One of the options available to musicians of extraordinary ability or achievement who wish to extend their stays in the US is the O-1 Visa. With all the music schools in Boston — Berklee, the Boston Conservatory, the Longy School, and the New England Conservatory that attract some of the best musicians in the world, not to mention the many performance centers, it should come as no surprise that there is quite a bit of interest in this topic.
(This visa is also available to aliens of extraordinary ability in science, business, athletics, or in the field of film or television, but I want to discuss how a musician, in particular, could go about getting this visa.)
USCIS grants an O-1 visa for an initial period of three years, after which it can be renewed in one year increments.
The regulations for this category of the O-1 Visa can be found at 8 C.F.R. § 214.2(o)(3) et seq.
One cannot self-petition for an O-1; an agent or employer must do this.
To prove extraordinary ability, the musician has to show three of the following six items:
- Evidence that the musician has performed in a starring/leading role in productions with a distinguished reputation;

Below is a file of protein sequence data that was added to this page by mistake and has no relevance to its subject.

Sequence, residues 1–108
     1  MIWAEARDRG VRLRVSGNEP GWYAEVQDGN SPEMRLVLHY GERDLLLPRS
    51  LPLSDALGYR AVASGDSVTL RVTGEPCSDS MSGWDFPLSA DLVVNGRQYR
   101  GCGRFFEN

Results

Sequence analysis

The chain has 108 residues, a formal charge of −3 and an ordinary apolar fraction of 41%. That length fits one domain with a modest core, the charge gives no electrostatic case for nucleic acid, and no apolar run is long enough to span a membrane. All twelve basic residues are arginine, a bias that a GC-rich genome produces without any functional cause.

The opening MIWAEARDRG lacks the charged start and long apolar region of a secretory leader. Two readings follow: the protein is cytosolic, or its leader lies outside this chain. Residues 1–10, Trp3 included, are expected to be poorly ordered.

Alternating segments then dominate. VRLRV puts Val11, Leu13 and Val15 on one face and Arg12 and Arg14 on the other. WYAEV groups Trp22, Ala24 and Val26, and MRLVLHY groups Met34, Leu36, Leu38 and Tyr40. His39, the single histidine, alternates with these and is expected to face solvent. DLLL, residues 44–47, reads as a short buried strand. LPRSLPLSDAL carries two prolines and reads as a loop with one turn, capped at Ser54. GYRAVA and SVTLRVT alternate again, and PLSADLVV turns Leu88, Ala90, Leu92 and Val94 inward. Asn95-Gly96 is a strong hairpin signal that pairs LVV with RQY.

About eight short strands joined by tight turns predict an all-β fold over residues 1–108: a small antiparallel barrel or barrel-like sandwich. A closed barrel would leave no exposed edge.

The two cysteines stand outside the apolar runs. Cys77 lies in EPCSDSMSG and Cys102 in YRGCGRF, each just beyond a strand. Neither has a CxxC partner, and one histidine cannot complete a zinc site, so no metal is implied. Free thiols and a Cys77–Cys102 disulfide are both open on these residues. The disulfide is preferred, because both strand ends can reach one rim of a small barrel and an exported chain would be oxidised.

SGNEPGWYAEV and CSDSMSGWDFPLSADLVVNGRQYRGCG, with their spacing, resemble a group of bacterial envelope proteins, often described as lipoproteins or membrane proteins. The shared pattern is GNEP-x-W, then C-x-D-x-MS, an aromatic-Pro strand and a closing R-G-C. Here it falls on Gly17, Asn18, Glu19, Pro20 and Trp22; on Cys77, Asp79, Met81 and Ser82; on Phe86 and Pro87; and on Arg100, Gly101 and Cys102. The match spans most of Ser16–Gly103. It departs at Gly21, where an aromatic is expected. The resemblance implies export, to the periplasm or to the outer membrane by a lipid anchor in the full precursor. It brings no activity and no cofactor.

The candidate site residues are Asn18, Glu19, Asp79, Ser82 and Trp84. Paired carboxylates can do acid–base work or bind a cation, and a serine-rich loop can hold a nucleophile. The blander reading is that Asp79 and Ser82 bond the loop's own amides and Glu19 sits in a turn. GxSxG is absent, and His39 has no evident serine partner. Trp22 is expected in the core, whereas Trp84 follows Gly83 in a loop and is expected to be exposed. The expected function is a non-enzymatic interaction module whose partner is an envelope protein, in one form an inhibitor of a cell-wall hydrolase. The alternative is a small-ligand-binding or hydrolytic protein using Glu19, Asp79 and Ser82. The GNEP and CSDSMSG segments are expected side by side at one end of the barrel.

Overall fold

- Evidence that the musician has achieved national and international recognition for his or her work, as shown by critical reviews;
- Evidence that the musician has performed in a lead, starring, or critical role for organizations and establishments that have a critical reputation;
- Evidence that the musician has a record of critically acclaimed successes as shown by the number of reviews and letters of support he or she has received for his or her work;
- Evidence that the musician has received significant recognition from organizations, critics, and government agencies for his or her work; and
- Evidence that the musician has commanded, or will command, a high salary or remuneration in comparison to others in the field.
Once the evidence is gathered, the next next step is to get an advisory opinion from a peer group such as the American Federation of Musicians. The evidence and advisory opinion are then submitted to the USCIS along with:
- form I-129 with O Supplement,
- filing fee,
- offer of employment,
- itinerary of engagements for the desired visa period,
- copy of passport, and
- prior immigration documentation (if the musician has ever been in the US).
The immigration attorney’s role in all of this is to gather the documentation and present it to USCIS in a compelling manner — so that the examiners, who have heavy caseloads, can review the application and, hopefully, find that it meets USCIS standards for the grant of a visa.
The O-1 can be a step on the path to permanent residence, if at some point in the future the musician wishes to self-petition. But more on that another day!
UPDATE: 4/14/07 — on April 11, 2007, USCIS announced that, beginning on May 16, 2007, O Visa petitioners will be able to file for the visa up to a year in advance of the proposed start date of the visa. Previously, petitioners could only file six months prior to the proposed start date. This is excellent news!